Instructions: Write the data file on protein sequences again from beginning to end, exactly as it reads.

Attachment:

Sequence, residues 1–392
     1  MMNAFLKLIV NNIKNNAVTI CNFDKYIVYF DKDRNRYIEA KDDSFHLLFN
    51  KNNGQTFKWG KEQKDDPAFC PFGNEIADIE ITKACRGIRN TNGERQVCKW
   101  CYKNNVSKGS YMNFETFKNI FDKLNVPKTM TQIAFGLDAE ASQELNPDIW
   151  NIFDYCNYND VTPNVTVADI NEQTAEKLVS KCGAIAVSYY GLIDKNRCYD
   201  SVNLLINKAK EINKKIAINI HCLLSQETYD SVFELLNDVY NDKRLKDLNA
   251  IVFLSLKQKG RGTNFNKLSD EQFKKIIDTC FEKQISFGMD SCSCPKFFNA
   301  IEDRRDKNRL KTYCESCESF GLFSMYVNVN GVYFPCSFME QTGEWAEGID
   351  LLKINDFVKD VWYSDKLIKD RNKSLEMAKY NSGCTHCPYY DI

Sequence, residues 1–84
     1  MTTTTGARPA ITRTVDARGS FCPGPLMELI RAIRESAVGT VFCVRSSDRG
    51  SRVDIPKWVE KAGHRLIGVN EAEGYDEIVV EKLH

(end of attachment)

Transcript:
Sequence, residues 1–392
     1  MMNAFLKLIV NNIKNNAVTI CNFDKYIVYF DKDRNRYIEA KDDSFHLLFN
    51  KNNGQTFKWG KEQKDDPAFC PFGNEIADIE ITKACRGIRN TNGERQVCKW
   101  CYKNNVSKGS YMNFETFKNI FDKLNVPKTM TQIAFGLDAE ASQELNPDIW
   151  NIFDYCNYND VTPNVTVADI NEQTAEKLVS KCGAIAVSYY GLIDKNRCYD
   201  SVNLLINKAK EINKKIAINI HCLLSQETYD SVFELLNDVY NDKRLKDLNA
   251  IVFLSLKQKG RGTNFNKLSD EQFKKIIDTC FEKQISFGMD SCSCPKFFNA
   301  IEDRRDKNRL KTYCESCESF GLFSMYVNVN GVYFPCSFME QTGEWAEGID
   351  LLKINDFVKD VWYSDKLIKD RNKSLEMAKY NSGCTHCPYY DI

Sequence, residues 1–84
     1  MTTTTGARPA ITRTVDARGS FCPGPLMELI RAIRESAVGT VFCVRSSDRG
    51  SRVDIPKWVE KAGHRLIGVN EAEGYDEIVV EKLH